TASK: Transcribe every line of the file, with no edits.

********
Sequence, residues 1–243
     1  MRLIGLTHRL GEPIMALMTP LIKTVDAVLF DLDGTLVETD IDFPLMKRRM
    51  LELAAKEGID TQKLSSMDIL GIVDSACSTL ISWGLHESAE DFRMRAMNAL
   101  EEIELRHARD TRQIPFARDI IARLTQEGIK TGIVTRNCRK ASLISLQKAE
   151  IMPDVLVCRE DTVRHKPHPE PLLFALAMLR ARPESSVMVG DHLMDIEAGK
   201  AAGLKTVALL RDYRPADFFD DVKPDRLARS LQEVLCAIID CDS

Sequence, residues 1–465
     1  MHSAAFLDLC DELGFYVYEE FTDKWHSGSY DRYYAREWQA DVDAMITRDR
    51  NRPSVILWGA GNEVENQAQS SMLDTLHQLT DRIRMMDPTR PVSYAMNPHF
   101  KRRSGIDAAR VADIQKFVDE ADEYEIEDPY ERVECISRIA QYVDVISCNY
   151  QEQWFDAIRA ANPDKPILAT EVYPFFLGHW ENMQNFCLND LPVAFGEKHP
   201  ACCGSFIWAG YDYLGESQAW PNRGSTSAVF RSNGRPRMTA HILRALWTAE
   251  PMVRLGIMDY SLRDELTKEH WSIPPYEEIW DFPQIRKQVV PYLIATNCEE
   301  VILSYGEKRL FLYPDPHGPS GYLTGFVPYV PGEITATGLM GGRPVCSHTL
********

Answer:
Sequence, residues 1–243
     1  MRLIGLTHRL GEPIMALMTP LIKTVDAVLF DLDGTLVETD IDFPLMKRRM
    51  LELAAKEGID TQKLSSMDIL GIVDSACSTL ISWGLHESAE DFRMRAMNAL
   101  EEIELRHARD TRQIPFARDI IARLTQEGIK TGIVTRNCRK ASLISLQKAE
   151  IMPDVLVCRE DTVRHKPHPE PLLFALAMLR ARPESSVMVG DHLMDIEAGK
   201  AAGLKTVALL RDYRPADFFD DVKPDRLARS LQEVLCAIID CDS

Sequence, residues 1–465
     1  MHSAAFLDLC DELGFYVYEE FTDKWHSGSY DRYYAREWQA DVDAMITRDR
    51  NRPSVILWGA GNEVENQAQS SMLDTLHQLT DRIRMMDPTR PVSYAMNPHF
   101  KRRSGIDAAR VADIQKFVDE ADEYEIEDPY ERVECISRIA QYVDVISCNY
   151  QEQWFDAIRA ANPDKPILAT EVYPFFLGHW ENMQNFCLND LPVAFGEKHP
   201  ACCGSFIWAG YDYLGESQAW PNRGSTSAVF RSNGRPRMTA HILRALWTAE
   251  PMVRLGIMDY SLRDELTKEH WSIPPYEEIW DFPQIRKQVV PYLIATNCEE
   301  VILSYGEKRL FLYPDPHGPS GYLTGFVPYV PGEITATGLM GGRPVCSHTL